Economy and Business in Gabon

Rich mineral resources and timber resources have made Gabon one of the most prosperous countries in Africa, with one of the highest gross national income per capita in sub-Saharan Africa. Revenues are primarily due to the export of petroleum and timber, which remains the mainstay of the country’s economy. Gabon also has a low population. In 2004, crude oil exports accounted for about 40 per cent of GDP. Large parts of the country are covered by rainforest and are therefore not very suitable for agriculture. Lack of infrastructure makes much of the country difficult to access, and is a reason why only a limited extent of mineral resources are utilized. Gabon is rich in minerals, including petroleum; including manganese and uranium. At the same time, unavailability is a protection for the rainforest, which is also under severe pressure in Gabon, both by legal and illegal harvesting.

Tran Gabon Railroad

The strong dependence on petroleum exports has made the Gabonese economy partly dependent on the price fluctuations in the international markets, while the recovery has also varied. Following an upswing in oil production and export revenues in the 1970s, government spending and public investment, also financed by foreign loans, increased Gabon’s substantial debt burden – and further contributed to the country’s financial vulnerability. From the mid-1980s Gabon has therefore implemented several so-called structural adjustment programs. Following the 1994 devaluation of the multinational CFA franc, which is directly linked to the French franc, a further economic recovery program was implemented. From the 1990s a number of state and semi-state companies have been privatized, including power companies and railways.

High export earnings and high average GDP despite; wealth is unevenly distributed and many live below the poverty line.

Agriculture and fishing

An estimated two percent of Gabon’s land area is cultivated, and agriculture is dominated by small self-storage farms, which include, among other things, flour bananas, cassava, taro and maize. Products for sale are especially palm oil, rubber, sugar, cocoa and coffee. Gabon is not self-sufficient in food, and about half of the food needs must be imported. Increasing migration to cities and towns has hampered attempts to increase food production, while at the same time hampering agriculture by inadequate infrastructure, and thus transport opportunities from the production areas to the markets. Part of agriculture consists of plantations, including palm oil, coffee, cocoa and sugar. These products and rubber are exported, but to a modest extent. The crops of coffee and cocoa dropped significantly from the late 1980s. Animal husbandry has traditionally been near impossible in Gabon due to the tsetse fly.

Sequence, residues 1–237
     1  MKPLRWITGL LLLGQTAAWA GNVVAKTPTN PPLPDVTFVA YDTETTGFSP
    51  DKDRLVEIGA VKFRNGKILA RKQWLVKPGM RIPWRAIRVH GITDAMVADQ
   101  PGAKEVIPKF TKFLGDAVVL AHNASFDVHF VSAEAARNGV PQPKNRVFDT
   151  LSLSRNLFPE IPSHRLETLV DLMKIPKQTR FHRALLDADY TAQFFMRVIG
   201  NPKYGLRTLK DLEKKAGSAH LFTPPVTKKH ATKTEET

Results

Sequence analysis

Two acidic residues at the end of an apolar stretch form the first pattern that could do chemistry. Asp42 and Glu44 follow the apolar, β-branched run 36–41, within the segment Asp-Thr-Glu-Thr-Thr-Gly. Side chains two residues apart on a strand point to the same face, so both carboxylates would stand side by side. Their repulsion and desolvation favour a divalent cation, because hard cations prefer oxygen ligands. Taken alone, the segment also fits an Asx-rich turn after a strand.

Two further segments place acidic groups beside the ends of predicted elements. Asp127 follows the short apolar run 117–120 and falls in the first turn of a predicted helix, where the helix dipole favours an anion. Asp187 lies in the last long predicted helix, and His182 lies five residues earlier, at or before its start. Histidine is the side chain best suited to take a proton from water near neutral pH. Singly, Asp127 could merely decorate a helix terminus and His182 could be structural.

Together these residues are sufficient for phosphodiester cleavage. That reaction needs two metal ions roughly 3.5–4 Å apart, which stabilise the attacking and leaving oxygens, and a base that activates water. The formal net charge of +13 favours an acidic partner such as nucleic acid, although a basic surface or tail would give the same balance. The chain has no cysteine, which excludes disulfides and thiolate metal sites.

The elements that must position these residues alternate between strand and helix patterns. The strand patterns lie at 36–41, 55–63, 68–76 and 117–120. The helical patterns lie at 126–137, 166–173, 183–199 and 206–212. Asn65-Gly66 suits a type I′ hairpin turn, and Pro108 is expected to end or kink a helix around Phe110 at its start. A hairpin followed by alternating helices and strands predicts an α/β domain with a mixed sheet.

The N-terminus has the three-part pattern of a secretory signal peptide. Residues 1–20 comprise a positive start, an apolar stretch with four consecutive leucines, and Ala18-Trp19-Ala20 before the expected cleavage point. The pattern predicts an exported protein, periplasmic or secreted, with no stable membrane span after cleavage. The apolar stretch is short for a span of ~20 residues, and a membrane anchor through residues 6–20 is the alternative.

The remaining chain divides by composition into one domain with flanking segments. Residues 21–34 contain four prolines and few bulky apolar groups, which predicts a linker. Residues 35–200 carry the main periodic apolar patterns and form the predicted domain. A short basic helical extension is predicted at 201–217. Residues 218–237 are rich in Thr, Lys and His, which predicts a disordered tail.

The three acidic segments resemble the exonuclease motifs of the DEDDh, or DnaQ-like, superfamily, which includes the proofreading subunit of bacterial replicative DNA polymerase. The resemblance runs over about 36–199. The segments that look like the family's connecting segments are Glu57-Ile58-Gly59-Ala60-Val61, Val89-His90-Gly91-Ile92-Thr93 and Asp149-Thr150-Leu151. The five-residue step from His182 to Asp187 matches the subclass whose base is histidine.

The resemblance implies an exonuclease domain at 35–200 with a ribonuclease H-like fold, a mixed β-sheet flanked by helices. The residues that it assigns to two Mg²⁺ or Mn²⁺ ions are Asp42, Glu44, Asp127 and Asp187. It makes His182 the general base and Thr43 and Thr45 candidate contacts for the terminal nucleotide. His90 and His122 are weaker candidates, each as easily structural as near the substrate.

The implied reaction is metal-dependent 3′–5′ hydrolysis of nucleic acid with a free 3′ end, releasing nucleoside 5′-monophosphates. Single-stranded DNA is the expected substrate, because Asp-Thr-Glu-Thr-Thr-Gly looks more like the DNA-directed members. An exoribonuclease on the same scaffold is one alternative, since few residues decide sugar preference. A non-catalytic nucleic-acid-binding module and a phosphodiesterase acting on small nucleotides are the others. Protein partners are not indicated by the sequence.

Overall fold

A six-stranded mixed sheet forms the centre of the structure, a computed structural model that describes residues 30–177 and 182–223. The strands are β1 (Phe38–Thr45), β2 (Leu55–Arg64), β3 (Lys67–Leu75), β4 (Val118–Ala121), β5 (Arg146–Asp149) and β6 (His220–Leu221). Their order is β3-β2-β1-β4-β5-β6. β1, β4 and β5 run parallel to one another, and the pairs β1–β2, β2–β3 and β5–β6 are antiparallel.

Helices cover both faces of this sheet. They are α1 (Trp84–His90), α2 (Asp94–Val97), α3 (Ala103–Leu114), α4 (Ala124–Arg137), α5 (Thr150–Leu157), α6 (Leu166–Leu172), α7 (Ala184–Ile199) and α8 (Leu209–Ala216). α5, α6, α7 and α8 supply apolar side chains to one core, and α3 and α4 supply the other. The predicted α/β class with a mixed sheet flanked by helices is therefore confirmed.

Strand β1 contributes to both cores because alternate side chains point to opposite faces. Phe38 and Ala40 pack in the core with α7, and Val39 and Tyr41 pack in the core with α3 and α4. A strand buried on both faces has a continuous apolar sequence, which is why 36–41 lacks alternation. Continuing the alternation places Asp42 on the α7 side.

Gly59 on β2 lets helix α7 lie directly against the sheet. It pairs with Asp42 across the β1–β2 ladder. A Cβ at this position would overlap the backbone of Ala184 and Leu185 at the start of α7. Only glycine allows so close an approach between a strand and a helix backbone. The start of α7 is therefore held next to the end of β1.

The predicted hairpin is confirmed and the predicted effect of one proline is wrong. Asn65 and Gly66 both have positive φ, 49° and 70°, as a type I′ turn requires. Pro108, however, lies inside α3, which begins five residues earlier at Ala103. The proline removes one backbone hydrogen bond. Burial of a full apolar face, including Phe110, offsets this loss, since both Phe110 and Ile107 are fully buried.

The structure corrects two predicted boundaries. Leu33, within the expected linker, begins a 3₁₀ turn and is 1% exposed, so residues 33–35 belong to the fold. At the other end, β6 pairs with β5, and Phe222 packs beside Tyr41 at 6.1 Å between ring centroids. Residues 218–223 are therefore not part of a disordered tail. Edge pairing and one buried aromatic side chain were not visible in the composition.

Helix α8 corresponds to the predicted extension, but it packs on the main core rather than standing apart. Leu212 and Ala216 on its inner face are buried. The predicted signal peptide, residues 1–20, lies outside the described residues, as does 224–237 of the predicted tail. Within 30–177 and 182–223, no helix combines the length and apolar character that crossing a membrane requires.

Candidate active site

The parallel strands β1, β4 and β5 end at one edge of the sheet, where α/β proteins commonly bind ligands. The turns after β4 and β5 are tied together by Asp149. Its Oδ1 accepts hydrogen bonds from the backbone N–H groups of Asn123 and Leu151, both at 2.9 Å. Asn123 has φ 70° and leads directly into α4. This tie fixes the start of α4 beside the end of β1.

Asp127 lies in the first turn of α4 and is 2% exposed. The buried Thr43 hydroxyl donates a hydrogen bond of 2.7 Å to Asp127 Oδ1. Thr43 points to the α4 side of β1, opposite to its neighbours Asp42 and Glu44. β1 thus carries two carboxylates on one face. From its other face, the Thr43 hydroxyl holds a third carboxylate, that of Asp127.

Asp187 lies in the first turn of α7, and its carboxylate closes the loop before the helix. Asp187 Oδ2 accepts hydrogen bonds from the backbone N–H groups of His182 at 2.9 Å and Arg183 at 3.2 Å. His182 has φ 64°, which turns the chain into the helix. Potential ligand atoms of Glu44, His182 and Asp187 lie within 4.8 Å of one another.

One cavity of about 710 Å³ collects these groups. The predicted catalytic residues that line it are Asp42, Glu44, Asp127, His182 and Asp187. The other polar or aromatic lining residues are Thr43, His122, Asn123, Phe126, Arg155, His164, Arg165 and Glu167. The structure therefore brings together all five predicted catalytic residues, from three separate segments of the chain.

Forestry is an important part of Gabon’s business, and okoumte timber used for the production of plywood forms a large part of the country’s exports. From the port city of Port Gentil, where timber is ready for shipping. 

Until the exploitation of Gabon’s mineral resources increased in the late 1950s, forestry was the country’s most important export industry. The tropical forest covers about 85 percent of Gabon’s land area, and the country is Africa’s fourth largest timber producer. Large parts of the country’s forest resources are still not utilized, while significant areas have been protected, and international pressure is being exercised to protect the remaining rainforest. Another limitation lies in the lack of infrastructure. The dense web of rivers is used to float the timber to the ports of the coast. A new railway, Transgabon, opened in 1986 a new area for timber operations. Gabon is the world’s largest producer of okoumé, a type of wood used especially in the production of plywood. Around 70 per cent of forestry exports consist of okoumé. The timber operation is highly mechanized, and is essentially run by European companies. Only a small proportion of the timber is processed in Gabon, and it is the authorities’ ambition to increase the proportion of processed timber.

The waters off Gabon are rich in fish and are milder than many other coastal regions in West Africa. The local fishing industry is small, with substantial craft fishing, and no processing. Plans have been made to build a processing plant in Port Gentil – as part of strengthening other parts of the economy as petroleum recovery declines. It is estimated that approximately 300,000 tonnes of fish and shellfish can be harvested annually, while catches at 2004 were only around 40,000 tonnes, while Gabon imports approximately 7,000 tonnes annually. The majority of the catch is taken by vessels from the EU. Gabon signed a 1998 agreement with the EU on fishing within the country’s 200-mile zone, extended in 2003.

Mining and industry